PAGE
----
Reasons for Anti-Americanism in Turkey since 9/11

Identities play a crucial role in contemporary Turkey. Turkish people define themselves through different identities as a result of which, a kind of identity inflation becomes apparent. Yet, it can be observed that there are roughly two main identity groups – apart from ethnic identities – (paving the way for a polarized society) in Turkey. Those who defines themselves as conservative Turks (which also include Islamists) and those who define themselves as secular Turks. The first group is usually affiliated with the ruling Justice and Development Party and the Nationalist Movement Party and the second group is generally affiliated with the Republican People’s Party, founded by Mustafa Kemal Ataturk. (of course, this is a generalization; there is no clear line here) As a result of this division, there appears no single reason for opposing the politics of the USA. Of course, these two main groups have common rationales for opposing the USA. The Kurdish problem, for example, is one of these problems. After the US entered Iraq, the region became divided and an Iraqi Kurdistan region was established in the north of Iraq. Most Turkish people, considering this fact, believed that the USA created significant danger for Turkey by entering Iraq. Because, the Kurdistan region is believed to support separatist militant organization known as PKK (Kurdistan Workers’ Party). For example, Egemen Bağış, former political advisor of the Prime Minister of Turkey and current minister for state and chief EU negotiator, said in 2006, ever since the Iraqi war started, “people on the street have started establishing a link between the U.S. and the PKK. I know that’s not true but it’s not important what I think. It’s important what the masses think.” [xi]

Anti-Imperialism is another common element affecting both groups including the Turkish socialists who form very small fractions. The fact that the USA is perceived as the most powerful imperialist country makes it feelings of antipathy inevitable. This kind of opposition has increased in Turkey since 9/11 as the USA intervened in regions which are close to Turkey, like Iraq and Afghanistan. In other words, both Turkish conservatives and seculars felt the danger of imperialism, fostered by fierce militarism, much more acutely after 9/11.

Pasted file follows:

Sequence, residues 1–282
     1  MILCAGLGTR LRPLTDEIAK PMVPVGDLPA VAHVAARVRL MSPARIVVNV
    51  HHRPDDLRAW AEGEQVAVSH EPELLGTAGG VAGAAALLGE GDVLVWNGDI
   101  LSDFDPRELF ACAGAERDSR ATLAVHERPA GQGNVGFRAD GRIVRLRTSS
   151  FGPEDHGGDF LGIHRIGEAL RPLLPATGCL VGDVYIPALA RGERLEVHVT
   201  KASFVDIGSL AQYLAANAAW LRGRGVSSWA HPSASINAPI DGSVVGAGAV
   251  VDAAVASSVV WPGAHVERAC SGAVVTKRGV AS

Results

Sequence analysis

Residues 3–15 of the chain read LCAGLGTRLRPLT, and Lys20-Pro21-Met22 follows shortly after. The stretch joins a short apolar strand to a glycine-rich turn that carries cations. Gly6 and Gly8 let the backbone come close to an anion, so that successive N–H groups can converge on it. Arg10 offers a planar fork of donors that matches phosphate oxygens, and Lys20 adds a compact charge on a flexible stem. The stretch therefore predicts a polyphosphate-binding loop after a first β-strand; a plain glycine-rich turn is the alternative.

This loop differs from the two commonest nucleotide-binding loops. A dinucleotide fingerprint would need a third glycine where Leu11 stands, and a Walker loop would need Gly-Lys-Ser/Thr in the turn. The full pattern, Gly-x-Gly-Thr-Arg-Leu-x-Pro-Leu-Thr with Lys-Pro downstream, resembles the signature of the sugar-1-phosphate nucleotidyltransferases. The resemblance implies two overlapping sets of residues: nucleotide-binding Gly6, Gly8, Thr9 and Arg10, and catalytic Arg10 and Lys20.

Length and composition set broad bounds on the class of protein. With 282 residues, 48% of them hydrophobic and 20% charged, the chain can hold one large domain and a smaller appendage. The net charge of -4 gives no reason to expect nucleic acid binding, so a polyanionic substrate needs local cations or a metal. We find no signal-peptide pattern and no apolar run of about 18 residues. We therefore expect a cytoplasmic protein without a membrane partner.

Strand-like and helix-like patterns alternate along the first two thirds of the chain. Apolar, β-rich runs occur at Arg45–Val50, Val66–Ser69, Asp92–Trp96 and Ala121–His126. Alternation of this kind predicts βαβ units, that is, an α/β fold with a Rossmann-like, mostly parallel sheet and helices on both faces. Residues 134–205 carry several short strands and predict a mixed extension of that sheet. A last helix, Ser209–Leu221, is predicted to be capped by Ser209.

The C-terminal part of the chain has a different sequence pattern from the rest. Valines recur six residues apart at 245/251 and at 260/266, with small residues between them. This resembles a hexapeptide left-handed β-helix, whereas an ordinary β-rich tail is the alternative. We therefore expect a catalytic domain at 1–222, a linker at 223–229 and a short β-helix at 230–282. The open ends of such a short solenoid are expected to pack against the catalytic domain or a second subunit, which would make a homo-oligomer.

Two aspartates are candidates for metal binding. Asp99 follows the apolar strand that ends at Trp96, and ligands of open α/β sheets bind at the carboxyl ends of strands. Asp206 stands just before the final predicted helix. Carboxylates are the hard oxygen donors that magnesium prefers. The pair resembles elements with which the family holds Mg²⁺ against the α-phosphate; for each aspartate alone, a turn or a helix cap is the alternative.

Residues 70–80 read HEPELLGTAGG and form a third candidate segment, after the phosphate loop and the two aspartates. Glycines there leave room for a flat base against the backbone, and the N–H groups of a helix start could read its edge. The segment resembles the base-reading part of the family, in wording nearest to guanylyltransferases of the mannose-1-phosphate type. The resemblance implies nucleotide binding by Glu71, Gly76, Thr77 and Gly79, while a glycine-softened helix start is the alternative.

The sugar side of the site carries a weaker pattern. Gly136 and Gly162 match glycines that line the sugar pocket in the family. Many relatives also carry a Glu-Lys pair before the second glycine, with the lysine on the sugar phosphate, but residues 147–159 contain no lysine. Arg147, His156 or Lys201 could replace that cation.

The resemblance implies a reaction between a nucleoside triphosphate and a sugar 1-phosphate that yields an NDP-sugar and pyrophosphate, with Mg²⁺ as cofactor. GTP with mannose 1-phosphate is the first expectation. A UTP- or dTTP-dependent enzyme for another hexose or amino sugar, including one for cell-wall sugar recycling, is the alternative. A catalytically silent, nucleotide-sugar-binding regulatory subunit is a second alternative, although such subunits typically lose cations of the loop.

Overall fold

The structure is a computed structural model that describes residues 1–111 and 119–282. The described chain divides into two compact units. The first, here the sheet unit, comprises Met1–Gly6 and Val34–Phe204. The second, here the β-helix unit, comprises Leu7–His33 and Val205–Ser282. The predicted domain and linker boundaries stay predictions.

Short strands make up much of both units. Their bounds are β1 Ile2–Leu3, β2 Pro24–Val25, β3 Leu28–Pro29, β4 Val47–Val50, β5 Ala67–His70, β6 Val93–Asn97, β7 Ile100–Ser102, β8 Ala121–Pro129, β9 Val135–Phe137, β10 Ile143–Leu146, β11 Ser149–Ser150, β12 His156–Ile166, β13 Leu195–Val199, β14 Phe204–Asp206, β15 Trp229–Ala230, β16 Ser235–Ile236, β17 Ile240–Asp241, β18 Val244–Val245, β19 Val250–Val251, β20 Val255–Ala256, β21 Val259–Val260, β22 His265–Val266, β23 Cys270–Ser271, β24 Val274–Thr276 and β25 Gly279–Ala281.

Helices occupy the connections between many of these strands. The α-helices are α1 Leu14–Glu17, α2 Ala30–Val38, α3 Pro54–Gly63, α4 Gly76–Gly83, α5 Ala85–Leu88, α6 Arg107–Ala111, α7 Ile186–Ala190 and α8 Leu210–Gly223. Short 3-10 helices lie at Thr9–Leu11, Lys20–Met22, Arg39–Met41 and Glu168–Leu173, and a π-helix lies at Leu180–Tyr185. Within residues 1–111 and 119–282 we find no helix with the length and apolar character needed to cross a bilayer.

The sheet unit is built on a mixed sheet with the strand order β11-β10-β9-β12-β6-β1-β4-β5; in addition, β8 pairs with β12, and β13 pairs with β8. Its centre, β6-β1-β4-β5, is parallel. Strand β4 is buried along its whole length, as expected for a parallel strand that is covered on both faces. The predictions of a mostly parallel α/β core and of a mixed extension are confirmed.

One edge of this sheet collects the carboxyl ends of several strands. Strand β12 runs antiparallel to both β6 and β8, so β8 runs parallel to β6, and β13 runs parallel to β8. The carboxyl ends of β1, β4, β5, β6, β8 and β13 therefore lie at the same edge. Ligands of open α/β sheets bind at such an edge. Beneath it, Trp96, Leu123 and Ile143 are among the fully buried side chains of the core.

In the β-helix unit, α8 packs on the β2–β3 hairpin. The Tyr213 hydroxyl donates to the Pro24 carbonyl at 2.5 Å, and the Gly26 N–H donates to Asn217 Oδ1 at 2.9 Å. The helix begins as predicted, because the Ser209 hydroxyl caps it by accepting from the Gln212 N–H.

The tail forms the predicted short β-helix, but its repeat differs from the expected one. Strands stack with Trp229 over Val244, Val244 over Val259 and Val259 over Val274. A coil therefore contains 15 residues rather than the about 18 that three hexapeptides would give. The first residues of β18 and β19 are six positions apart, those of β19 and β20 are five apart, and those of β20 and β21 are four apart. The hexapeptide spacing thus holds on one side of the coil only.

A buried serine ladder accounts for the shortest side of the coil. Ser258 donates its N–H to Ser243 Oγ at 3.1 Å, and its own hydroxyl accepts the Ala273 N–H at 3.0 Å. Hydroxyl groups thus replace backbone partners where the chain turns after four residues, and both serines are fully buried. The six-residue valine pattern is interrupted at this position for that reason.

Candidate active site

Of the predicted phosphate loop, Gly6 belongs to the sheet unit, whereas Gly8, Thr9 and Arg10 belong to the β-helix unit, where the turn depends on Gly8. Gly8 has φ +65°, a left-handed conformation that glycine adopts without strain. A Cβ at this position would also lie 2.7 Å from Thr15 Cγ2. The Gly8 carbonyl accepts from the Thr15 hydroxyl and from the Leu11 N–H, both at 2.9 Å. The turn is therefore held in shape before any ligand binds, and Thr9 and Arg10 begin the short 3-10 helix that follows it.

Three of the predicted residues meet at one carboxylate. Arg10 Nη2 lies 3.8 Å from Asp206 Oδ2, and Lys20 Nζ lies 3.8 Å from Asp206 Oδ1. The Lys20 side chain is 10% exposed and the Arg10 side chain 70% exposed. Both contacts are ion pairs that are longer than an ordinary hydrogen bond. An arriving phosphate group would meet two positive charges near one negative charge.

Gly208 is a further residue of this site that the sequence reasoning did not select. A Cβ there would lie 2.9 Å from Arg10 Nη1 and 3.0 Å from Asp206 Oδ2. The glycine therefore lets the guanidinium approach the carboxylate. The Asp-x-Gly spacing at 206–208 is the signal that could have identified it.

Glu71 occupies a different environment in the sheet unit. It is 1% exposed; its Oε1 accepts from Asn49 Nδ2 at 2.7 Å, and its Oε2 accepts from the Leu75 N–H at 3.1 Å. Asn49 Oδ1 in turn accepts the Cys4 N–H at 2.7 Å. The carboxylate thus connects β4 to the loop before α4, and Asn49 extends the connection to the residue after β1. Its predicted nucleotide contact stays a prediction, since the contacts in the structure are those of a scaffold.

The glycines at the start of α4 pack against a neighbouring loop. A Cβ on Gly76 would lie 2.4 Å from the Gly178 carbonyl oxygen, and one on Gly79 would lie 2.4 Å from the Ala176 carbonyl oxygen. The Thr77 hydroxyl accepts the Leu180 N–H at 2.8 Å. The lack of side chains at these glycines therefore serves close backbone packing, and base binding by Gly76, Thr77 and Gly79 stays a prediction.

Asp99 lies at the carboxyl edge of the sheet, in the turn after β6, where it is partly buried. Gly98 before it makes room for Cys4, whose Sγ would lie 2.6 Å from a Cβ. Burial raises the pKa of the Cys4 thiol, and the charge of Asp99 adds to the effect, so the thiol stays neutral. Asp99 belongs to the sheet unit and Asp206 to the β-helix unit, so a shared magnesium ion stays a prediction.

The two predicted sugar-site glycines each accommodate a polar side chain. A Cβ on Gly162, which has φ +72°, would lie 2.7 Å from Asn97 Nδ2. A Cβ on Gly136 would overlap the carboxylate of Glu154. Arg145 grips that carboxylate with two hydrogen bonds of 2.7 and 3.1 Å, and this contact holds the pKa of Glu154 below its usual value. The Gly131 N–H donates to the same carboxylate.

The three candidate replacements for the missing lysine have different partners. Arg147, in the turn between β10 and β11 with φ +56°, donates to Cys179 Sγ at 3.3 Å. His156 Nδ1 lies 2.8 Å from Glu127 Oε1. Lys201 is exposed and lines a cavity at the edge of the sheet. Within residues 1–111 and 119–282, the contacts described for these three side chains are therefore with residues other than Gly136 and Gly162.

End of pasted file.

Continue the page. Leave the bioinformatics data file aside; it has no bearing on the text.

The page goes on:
Nationalism in Turkey is the binding principle of the last few decades as both secular and conservatives have firm nationalistic sentiments.. These two main identity groups also possess distinct objections against US foreign policy. In the next section, I will clarify these different objections.

a- Islamists and Religious Nationalists

This group consists of what I referred to as conservative Turks. First of all, when Muslims, especially the radical ones are concerned, it is seen that there is a deep-rooted dislike against non-Muslims. This fact stems from both the Quran, holy book of Muslims, and historical experiences. In the Quran, it is emphasized that Muslims should not befriend  non-Muslims. (5:51- Quran). Following this verse, a lot of Muslims have adopted critical and negative attitudes against non-Muslims, especially against Jews and Christians. Other than  this, as previously stated, historical experiences continue to play an influential role. Especially, the crusades and the demise resulting from them have had a deep impact in the mindset of Muslims. This dislike against non-Muslims has unfortunately had an effect on Muslim Turks too. The radical members of this group, the Islamists, believe that Israel, and thus the Jewish people as a whole, is controlled by the USA politically and economically. Following on, both are major threats to Islam.